The Hidden Secret to Manage Your Workload and Reduce Your Stress -- That Nobody Talks About
Is your career wearing you out? Are you too tired to enjoy your family and friends on the weekends, or what little part of the weekend you have? Well, I have a secret to share.
Copyright (c) 2008 Jennifer Selby Long
Is your career wearing you out? Are you too tired to enjoy your family and friends on the weekends, or what little part of the weekend you have? Well, I have a secret to share about the blind spot that just might have got you there. It certainly was mine. The secret is this: Your job is only part of your workload. You're not tired because of your career. You're tired because of everything else.
This is particularly true for women. Many of us hold ourselves up to mid-20th century ideals while working 21st century careers.
Two years ago, I was just exhausted. Between my business, the house, eldercare issues, and other responsibilities, there just wasn't any time to relax. Something had to go, but what?
I was sick and tired of hearing from the "experts" that the solution to my exhaustion was to just stop doing most of what I was doing. I wasn't doing anything that wasn't important. I had eliminated all that I could, including many things I enjoy, and there was still no time for a life. That's when I realized that I had to start hiring people to do things for me.
I think you should consider doing the same. It's your life you're talking about. You are in your peak years, both mentally and physically. If you're spending your time doing something you can pay someone $15, $20, or $40 an hour to do, you're not spending that time with your kids, partner, family, or friends, or even a good book. To me this is a waste of all your education and hard work on the job if all it gets you is no time for the rest of your life. Will you really look back on your deathbed and feel satisfied that you personally pulled all of the weeds in your yard?
It wasn't easy. Like most entrepreneurs, I love control. I liked to pretend that I didn't, but the truth was that I did. All of my excuses, like "I can't afford it" really just came down to one thing: I was afraid to give up control.
For some tasks, I even had an added layer of rotten thinking: believing that if I didn't personally handle household responsibilities like menu planning and laundry, I must be a pretty lame wife. What was I thinking? Old messages still float around our heads, and once we surface them, we have to whack them on the head until they are dead. So I did.
My first baby step was the vet who makes house calls. Why traumatize Bill with a car ride to the vet's when there's a vet who will come to him? Not to mention that it saved me the time getting out his carrier, driving him to the vet, waiting, and driving him home.
Then came the bookkeeper. What a fool I was to wait so long. I meet with her every other week to hand off bills and receipts. She does the rest and keeps me informed. She handles bill paying and expense and income tracking and stays on top of all the accounts for my business, for my mother-in-law, and for us.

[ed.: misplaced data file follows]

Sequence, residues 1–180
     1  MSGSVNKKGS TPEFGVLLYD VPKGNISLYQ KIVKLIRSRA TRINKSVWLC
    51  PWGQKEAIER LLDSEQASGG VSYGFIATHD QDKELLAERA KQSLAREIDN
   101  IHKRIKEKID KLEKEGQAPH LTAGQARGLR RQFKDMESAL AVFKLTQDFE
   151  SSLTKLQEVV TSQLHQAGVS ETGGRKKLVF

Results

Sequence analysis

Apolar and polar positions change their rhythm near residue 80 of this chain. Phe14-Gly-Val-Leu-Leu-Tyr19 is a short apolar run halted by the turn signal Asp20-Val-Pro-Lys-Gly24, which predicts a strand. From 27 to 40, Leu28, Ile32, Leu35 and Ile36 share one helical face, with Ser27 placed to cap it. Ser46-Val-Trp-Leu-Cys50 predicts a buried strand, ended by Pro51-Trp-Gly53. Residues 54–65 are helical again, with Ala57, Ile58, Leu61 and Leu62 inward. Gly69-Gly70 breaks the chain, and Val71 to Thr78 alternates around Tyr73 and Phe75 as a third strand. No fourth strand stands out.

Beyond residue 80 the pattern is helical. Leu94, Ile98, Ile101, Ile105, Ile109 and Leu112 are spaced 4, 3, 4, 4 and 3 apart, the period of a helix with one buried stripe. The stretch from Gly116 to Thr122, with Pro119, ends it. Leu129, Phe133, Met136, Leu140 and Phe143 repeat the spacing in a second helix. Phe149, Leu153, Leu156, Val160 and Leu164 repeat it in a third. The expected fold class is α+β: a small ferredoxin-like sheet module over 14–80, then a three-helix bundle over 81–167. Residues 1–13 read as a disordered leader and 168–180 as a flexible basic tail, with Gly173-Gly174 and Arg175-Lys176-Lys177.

We actually have a household P&L now. I think it's a ton of fun. Others think it's just sick. Either way, I have more time, and I have better focus at work, since, "Oh, crap, I wonder if I transferred enough into the personal checking account to cover that Key Bank automatic payment" never floats across my brain while I'm at work. I know that Laurie is all over it. It was heavenly to come home from almost three weeks away and have NO bills stacked up waiting for me. None.
It was the bookkeeper who suggested the gardener. She was right. Kirk hates mowing, anyway, and I was so bored pulling weeds. Now when I work in the garden, it's the part I enjoy, like tending to my herbs and vegetables. It's relaxing. It sort of reminds of...oh, what is it...it's like having a life!
Finally, I took the biggest step of all: I hired a personal assistant. She handles the 1,000,000 little things like laundry, grocery shopping, making appointments with the plumber, meeting him at the house, and so on and so on. She saves me a full 40 hours a month. I was pretty shocked to realize that 10 hours out of every week had gone to managing the household, some of them during the workweek.
I get really worked up when I hear a reasonably successful professional say, "Oh, I can't afford a luxury like that. I don't make enough." I couldn't either, you could say. While it's true that I make more money now because these wonderful people have freed up time for me to be more focused and productive, for the first few months, I carried the expenses without a return (on my business line of credit, in case you're interested - real debt, real skin in the game, no fooling around). I was confident that the return would come, and would far exceed the investment. It has.
Even for employed professionals, the return will come if you (and your partner, if you have one) at least farm out your most hated tasks.
For the self-employed, it's absolutely essential to manage your business from where you want it to be, not from where it is now. Investment in resources that make you successful, whether on the personal or business side, is essential to having a profitable and sustainable business.
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ABOUT THE AUTHOR
Jennifer Selby Long, Founder and Principal of Selby Group, provides executive coaching and organizational development services. Jennifer's knack is helping clients navigate the leadership and organizational challenges triggered by change and growth. She knows firsthand that great plans often fail because companies don't take into account the human factors that come into play when implementing them. Visit Jennifer at: www.selbygroup.com